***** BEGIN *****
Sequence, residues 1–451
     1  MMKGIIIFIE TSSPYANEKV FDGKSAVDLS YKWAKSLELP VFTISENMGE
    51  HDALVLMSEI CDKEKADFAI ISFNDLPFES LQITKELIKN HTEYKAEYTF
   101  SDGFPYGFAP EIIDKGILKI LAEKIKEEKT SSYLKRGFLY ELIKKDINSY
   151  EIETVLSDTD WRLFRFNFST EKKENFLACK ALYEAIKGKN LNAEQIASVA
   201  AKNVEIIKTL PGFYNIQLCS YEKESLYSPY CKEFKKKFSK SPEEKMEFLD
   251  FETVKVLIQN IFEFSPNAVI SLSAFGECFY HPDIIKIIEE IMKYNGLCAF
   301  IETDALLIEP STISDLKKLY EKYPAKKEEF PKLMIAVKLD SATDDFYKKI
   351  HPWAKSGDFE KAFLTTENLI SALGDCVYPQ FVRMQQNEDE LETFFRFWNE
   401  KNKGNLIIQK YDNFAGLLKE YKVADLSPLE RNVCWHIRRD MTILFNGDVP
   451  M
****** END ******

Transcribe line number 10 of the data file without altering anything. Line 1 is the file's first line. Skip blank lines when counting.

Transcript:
   401  KNKGNLIIQK YDNFAGLLKE YKVADLSPLE RNVCWHIRRD MTILFNGDVP